Why Some Women Don’t Have Orgasms
Have trouble orgasming? The best fix is in your hands.
Nov 01, 2021Sexual Health
Nicole Audrey Spector is a writer, editor, and author based in Los Angeles by way of Brooklyn. Her work has appeared in Vogue, the Atlantic, Vice, The New Yorker and more. She's a frequent contributor to NBC News and Publishers Weekly. Her 2013 debut novel, "Fifty Shades of Dorian Gray" received laudatory blurbs from the likes of Fred Armisen and Ken Kalfus, and was published in the US, UK, France, and Russia. Follow her on Twitter @NicoleSpectorFull Bio
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Have trouble orgasming? The best fix is in your hands.
Amy* enjoys being intimate with her husband, but she finds it difficult to have an orgasm when they're having sex.
She tends to get in her head a lot, which makes it hard for her to focus on the sensations she's feeling. When this happens, she gets fixated on having an orgasm and starts worrying about how long it may take, why she isn't climaxing sooner or that she won't have an orgasm at all.
"The more I think, the less I can relax," Amy said.
Sometimes, using a vibrator for clitoral stimulation can help Amy have an orgasm, but it's far from a guarantee, and Amy's challenges around orgasming weigh on her sexual self-esteem.
"When I don't orgasm, I feel like I am letting my husband down or making him feel like he's not doing enough to satisfy me," Amy said. "My partner orgasms nearly every time we have sex and he wants me to experience that pleasure, too. But it often just doesn't happen for me."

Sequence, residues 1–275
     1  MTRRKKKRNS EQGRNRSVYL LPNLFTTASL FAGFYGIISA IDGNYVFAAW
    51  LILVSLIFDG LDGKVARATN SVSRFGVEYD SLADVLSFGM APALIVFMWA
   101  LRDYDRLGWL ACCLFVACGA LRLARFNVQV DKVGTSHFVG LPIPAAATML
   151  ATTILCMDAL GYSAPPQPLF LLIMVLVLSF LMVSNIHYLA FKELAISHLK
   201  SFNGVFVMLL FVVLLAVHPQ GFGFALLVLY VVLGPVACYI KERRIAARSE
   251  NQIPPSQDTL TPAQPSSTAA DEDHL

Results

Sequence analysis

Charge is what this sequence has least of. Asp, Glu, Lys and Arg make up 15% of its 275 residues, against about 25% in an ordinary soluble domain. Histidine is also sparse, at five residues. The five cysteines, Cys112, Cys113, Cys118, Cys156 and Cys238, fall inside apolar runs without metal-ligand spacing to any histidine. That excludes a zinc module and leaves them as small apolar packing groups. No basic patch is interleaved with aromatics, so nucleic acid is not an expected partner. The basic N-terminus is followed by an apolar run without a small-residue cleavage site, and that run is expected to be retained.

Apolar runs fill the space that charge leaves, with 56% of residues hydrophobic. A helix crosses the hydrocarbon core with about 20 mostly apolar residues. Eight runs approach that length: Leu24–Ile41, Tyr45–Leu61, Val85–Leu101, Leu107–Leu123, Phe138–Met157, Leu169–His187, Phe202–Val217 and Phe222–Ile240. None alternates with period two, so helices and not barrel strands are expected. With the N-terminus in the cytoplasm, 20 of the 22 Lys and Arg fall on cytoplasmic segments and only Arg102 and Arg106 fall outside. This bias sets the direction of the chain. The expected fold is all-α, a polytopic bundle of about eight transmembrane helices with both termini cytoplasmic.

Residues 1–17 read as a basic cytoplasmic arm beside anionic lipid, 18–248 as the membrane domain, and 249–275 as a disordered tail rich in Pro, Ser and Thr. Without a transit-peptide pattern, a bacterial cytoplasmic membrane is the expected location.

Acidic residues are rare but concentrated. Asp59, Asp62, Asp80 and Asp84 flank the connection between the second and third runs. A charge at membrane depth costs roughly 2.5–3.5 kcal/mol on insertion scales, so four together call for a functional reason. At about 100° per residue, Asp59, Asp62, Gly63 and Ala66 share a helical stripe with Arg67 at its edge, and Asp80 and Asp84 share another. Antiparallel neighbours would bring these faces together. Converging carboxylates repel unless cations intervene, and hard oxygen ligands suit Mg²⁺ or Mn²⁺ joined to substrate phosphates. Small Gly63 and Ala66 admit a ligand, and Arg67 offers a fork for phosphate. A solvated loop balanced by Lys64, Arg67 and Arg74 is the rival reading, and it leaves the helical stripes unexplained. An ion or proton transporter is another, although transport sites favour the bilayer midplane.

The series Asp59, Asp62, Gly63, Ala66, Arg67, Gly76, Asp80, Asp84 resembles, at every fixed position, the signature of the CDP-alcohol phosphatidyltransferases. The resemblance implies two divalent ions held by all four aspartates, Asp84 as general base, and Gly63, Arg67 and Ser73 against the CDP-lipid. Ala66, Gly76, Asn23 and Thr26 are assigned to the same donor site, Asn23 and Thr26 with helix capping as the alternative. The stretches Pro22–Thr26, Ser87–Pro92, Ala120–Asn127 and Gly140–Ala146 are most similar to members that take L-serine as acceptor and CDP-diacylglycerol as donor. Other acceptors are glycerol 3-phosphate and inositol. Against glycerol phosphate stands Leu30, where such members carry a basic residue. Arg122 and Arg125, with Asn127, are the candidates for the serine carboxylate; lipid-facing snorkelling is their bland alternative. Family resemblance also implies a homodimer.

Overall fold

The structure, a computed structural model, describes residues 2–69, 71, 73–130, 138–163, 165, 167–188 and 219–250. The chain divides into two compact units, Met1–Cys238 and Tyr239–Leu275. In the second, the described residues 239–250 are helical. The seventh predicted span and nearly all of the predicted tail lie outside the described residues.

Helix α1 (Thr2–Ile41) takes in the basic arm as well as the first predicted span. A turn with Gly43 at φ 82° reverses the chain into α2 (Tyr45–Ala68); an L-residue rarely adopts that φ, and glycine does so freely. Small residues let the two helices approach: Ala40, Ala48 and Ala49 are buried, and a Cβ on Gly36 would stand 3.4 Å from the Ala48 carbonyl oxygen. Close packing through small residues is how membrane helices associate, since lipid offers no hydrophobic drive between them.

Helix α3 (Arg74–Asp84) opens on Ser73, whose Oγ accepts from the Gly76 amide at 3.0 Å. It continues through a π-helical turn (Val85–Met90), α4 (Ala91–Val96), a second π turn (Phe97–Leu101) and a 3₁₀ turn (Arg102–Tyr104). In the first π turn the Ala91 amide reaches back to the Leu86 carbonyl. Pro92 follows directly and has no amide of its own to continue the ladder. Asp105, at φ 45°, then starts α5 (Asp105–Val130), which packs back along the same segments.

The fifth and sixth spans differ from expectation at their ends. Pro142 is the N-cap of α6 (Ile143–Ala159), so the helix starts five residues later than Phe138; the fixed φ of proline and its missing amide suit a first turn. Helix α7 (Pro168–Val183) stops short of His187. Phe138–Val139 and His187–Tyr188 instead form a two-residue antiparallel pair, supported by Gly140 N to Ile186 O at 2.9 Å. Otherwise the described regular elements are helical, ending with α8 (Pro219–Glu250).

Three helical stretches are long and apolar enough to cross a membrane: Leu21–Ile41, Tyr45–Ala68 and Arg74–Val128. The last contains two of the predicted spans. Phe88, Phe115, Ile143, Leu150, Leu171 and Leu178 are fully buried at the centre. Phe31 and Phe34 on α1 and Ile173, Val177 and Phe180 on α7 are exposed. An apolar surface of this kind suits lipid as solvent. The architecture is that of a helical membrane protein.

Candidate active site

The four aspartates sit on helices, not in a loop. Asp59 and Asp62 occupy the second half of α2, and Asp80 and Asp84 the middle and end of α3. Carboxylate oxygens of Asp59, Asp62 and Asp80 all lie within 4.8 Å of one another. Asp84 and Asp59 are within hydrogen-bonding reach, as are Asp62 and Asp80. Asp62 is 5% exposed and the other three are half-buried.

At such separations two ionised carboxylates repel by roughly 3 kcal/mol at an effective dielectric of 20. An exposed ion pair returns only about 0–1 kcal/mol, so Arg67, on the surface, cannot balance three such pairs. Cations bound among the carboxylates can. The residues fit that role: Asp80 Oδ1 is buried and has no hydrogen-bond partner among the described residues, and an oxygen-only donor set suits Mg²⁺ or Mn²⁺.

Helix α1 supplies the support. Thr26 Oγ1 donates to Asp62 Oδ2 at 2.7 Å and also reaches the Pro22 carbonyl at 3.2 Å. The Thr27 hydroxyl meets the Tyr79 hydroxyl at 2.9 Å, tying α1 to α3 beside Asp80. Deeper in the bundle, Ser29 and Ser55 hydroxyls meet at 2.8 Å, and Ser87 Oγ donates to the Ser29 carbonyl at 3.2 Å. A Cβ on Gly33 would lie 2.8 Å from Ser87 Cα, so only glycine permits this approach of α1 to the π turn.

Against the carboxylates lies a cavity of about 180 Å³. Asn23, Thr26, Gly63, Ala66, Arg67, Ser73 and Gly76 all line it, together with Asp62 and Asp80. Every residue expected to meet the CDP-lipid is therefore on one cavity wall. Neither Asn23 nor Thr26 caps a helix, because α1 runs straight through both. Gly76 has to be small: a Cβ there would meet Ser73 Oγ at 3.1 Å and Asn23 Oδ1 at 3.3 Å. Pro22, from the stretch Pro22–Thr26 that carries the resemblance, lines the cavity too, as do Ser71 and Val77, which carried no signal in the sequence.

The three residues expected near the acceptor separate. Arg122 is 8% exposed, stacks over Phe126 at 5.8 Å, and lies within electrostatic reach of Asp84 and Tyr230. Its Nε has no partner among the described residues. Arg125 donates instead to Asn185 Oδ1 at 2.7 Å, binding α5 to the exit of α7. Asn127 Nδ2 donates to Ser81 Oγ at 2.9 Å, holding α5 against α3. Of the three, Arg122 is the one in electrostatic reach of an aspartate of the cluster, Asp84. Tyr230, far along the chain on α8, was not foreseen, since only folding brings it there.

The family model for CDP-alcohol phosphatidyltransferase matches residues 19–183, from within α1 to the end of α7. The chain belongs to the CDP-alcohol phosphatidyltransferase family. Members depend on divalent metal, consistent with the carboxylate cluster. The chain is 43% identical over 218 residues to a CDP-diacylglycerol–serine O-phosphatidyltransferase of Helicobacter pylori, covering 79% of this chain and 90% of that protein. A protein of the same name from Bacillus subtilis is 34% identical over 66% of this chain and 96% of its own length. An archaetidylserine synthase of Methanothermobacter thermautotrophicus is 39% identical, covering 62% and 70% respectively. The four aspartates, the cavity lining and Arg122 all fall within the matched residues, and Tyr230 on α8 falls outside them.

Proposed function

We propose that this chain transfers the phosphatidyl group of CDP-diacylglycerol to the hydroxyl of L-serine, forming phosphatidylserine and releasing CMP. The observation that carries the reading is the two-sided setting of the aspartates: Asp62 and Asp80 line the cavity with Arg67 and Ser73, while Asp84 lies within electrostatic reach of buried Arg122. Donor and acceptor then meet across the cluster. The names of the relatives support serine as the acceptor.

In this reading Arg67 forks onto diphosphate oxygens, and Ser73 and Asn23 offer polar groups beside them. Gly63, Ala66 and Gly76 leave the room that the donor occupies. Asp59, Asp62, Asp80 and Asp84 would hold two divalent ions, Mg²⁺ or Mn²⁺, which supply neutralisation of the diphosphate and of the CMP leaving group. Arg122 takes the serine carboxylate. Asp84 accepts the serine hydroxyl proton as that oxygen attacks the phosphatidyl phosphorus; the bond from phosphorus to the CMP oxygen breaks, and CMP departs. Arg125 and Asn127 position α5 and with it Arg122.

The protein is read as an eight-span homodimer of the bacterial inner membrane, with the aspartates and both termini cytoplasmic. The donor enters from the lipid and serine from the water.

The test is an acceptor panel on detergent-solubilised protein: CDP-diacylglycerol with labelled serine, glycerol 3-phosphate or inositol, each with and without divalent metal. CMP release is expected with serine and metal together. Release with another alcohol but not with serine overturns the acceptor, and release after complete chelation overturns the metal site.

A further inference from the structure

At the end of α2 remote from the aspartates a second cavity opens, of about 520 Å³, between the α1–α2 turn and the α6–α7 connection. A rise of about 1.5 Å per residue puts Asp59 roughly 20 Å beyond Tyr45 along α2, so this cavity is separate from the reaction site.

Amy is hardly alone. Research indicates that, for women, orgasms can be elusive; this is especially true for women in heterosexual relationships.
"Lesbian women experience orgasms about 75% of the time with their partner; bisexual woman experience orgasms about 58% of the time, and heterosexual women experience orgasms about 62% of the time," said Dr. Emily Jamea, a sex therapist.
There's no concrete answer as to why lesbians most consistently experience orgasms with one another, but Jamea reasons that it could be because women understand women's bodies better, and that there is perhaps less pressure to orgasm during intercourse.
"Most orgasms happen through clitoral stimulation," Jamea said. "And most women just get that."
This brings us to a key question: How many types of female orgasms are there?